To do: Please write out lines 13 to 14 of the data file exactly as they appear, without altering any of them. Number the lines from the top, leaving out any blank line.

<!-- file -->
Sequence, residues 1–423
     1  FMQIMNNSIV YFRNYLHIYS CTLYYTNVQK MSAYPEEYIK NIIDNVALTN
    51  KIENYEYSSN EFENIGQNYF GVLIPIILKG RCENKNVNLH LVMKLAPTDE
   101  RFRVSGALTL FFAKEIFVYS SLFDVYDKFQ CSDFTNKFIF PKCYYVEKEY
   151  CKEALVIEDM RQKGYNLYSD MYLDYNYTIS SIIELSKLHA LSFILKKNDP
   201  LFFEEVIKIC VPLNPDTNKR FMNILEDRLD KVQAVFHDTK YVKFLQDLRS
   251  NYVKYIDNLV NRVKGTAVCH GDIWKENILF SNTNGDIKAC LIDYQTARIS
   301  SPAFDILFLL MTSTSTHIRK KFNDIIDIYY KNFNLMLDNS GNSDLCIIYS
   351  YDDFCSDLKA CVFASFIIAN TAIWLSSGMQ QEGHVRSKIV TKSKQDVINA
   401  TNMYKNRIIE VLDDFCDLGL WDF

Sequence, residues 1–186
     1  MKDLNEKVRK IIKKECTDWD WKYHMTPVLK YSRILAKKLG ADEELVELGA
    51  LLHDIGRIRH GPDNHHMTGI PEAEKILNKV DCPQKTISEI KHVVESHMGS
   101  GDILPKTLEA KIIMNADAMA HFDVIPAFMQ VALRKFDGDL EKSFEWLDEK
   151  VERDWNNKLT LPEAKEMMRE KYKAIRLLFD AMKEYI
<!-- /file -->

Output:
    51  LLHDIGRIRH GPDNHHMTGI PEAEKILNKV DCPQKTISEI KHVVESHMGS
   101  GDILPKTLEA KIIMNADAMA HFDVIPAFMQ VALRKFDGDL EKSFEWLDEK